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Chanukah and Modern Day Heroes – Middle School and High School


This lesson will introduce two classical rabbinic texts on Chanukah focused on heroism. Each text demonstrates very different types of heroic acts both coming from – in their day from unlikely sources – women. One has a focus on the military struggle against the Greek-Syrians while the other text presents a spiritual/religious stand against the enemy. The student will compare and contrast different types of heroism and consider a broader definition of heroism. Students will ‘meet’ heroes from the Swords of Iron War and reflect on modern day acts of heroism.
Finally, students will consider ways that they may take action in ways that could be considered “ordinary acts of heroism.”

Big Ideas
• Heroism takes on many forms
• Heroism is carried out by ordinary and exceptional people alike

Essential Questions

  • What are the elements that make someone a hero?
  • What turns an ordinary act into a heroic act?
  • In what ways can you be heroic?

Part 1 – Introduction (10 min)
Before discussing the heroism found in the Chanukah story, the teacher should introduce the lesson by showing the following clip of Baruch Cohen who fought to protect his kibbutz Magen located in the Gaza Envelope that was part of the Oct 7th Massacre.


Ask students

  • How does hearing the story of Baruch Cohen make you feel? Explain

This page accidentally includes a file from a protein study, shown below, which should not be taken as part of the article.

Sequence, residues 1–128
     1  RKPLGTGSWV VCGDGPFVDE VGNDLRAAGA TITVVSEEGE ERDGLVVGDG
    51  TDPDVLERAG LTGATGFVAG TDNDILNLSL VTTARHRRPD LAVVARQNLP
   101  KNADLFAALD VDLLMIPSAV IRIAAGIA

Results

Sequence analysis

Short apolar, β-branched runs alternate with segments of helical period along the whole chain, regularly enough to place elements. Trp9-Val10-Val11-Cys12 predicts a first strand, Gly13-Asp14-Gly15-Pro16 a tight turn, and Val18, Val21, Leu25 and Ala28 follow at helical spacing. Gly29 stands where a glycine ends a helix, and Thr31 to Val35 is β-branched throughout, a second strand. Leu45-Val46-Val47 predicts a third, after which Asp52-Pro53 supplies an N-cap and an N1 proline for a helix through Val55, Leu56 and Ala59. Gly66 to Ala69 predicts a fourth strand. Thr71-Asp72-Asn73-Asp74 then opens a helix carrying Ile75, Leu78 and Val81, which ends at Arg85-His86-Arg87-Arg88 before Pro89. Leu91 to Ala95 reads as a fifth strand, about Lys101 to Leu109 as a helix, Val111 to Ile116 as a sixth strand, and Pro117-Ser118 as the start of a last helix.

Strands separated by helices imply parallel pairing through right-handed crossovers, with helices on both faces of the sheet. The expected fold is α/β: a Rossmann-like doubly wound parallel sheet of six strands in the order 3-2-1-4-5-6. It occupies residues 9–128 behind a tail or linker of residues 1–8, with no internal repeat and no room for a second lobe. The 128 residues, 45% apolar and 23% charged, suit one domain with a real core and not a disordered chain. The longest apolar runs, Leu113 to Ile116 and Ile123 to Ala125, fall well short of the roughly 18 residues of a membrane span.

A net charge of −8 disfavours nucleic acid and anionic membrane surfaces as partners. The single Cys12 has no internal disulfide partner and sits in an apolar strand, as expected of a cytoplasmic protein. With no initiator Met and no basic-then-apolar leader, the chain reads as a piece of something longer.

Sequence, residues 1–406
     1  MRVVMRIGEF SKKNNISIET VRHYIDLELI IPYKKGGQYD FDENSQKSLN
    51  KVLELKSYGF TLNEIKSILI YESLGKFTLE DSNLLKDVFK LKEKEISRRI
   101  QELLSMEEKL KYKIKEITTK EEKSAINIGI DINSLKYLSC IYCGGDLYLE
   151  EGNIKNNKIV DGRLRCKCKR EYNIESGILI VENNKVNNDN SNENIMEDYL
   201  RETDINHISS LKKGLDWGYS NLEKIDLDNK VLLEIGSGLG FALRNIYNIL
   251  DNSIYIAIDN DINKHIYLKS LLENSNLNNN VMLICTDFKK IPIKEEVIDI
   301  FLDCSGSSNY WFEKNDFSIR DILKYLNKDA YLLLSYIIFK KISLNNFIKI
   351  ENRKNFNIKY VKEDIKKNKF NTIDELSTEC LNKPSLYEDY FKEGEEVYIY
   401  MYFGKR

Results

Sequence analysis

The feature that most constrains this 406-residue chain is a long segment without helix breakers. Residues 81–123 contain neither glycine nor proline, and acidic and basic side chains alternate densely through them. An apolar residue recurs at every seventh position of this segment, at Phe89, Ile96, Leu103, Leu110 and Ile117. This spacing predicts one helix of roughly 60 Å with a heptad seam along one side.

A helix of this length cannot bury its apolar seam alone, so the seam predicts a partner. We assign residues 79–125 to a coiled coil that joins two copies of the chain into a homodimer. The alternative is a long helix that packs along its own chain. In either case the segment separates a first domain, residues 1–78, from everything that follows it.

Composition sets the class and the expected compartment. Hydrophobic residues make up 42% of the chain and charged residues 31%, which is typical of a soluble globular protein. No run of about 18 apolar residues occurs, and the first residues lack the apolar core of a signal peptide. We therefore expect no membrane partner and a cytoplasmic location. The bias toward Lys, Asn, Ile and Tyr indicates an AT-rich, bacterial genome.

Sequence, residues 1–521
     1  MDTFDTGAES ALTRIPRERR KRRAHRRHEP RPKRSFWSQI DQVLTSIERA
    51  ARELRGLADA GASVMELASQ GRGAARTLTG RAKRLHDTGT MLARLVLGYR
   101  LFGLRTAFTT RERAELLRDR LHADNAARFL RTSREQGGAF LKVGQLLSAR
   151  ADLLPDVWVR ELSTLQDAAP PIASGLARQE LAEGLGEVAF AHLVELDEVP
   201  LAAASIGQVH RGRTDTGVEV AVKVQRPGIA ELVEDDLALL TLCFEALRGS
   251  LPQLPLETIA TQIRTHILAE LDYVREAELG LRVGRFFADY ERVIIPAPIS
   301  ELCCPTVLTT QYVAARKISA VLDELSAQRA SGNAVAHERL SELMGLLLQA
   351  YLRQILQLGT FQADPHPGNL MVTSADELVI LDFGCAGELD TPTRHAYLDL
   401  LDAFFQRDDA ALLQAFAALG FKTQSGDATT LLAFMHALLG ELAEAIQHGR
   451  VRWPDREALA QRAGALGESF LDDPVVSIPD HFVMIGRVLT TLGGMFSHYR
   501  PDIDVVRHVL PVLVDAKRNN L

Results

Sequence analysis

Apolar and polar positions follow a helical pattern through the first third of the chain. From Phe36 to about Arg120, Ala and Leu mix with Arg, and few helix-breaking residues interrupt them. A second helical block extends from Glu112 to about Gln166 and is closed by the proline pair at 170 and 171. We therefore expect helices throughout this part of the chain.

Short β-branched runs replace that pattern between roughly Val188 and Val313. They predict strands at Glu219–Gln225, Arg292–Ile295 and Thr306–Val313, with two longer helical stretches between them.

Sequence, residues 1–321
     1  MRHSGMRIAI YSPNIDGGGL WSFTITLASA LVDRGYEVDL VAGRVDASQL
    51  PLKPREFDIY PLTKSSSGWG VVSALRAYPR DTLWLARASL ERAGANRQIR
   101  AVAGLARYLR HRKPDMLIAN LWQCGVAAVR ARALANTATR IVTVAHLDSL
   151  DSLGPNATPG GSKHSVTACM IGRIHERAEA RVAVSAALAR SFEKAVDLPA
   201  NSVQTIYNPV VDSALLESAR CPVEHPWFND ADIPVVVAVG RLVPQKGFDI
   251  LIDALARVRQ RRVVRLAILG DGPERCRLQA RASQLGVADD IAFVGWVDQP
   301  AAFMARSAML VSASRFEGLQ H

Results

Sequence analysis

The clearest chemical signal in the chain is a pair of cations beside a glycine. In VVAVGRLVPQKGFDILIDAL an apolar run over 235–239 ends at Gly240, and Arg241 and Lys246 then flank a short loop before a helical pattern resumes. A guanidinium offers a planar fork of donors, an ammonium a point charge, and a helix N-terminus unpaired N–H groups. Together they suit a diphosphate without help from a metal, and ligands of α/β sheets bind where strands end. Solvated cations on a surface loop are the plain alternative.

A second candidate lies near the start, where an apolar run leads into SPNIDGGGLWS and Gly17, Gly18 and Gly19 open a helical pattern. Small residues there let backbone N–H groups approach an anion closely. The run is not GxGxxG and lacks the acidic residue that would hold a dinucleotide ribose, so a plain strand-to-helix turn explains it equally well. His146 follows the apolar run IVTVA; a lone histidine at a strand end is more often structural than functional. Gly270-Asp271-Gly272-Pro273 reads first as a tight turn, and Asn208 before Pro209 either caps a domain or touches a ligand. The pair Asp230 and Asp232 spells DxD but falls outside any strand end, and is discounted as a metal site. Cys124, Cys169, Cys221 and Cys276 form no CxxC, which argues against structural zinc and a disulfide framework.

• Would you define Mr. Cohen as a hero? If yes, explain what about what he did, in your opinion, makes him a hero.

After this short discussion explain to students that in this lesson they will be comparing and contrasting two classic rabbinic Chanukah texts that exemplify very different kinds of heroic acts.
The lesson will also consider modern day acts of heroism and ways that they may be able to participate in acts of heroism.

Part 2 – The Story of Yehudit (10 min)

Note to teacher:
Provided are the English and Hebrew versions of the text both for this midrash and the next Talmudic Aggadah as well. Depending on how much time the teacher wants to spend and the students’ ability to decipher rabbinic texts from the original, she can decide to work with the Hebrew text or the translated text.

The teacher should divide the students into study pairs (chavruta) and distribute the Yehudit text (Source 1) to them. Direct them to read the story out loud to each other and together answer the following questions using the Think-Pair-Share technique:

  • Do you think Yehudit is a hero? What made her so, in your opinion?
  • What made Yehudit, in our story, exceptional from other Jews of Jerusalem at the time?
  • Did Yehudit have to compromise herself in this situation? If yes, was it justified in your opinion?


Part 3 – Hana and her Seven Sons [Gittin 57b]  (8 min)

Notes to teacher:
1) This aggada on the women and her seven sons has in Jewish tradition been associated with the Chanukah story even though not all the facts and characters appearing in it historically line up. The historicity of the aggada is not our concern in this lesson but, should students raise this, the teacher can point out that Jewish tradition has connected the story with Chanukah and that there are different versions of the story.

2) The aggada never mentions the name Hana in the story itself but Jewish tradition has identified her by the name Hana. It may be due to the verse quoted from Psalms 113 at the very end “A joyful mother of children” that The Rabbis associated with biblical Hana who was barren much of her life and then had her prayers answered with the blessing of a succession of 7 children.